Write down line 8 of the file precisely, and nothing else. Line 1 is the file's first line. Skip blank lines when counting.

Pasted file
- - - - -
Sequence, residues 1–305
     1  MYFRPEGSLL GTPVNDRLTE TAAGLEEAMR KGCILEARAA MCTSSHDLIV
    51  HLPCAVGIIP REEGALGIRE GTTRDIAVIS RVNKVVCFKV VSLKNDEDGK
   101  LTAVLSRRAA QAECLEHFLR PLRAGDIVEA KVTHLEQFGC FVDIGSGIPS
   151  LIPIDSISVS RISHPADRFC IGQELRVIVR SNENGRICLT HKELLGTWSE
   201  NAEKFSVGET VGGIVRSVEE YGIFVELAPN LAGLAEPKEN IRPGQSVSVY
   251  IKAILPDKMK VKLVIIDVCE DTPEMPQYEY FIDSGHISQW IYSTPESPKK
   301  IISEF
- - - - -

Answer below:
   301  IISEF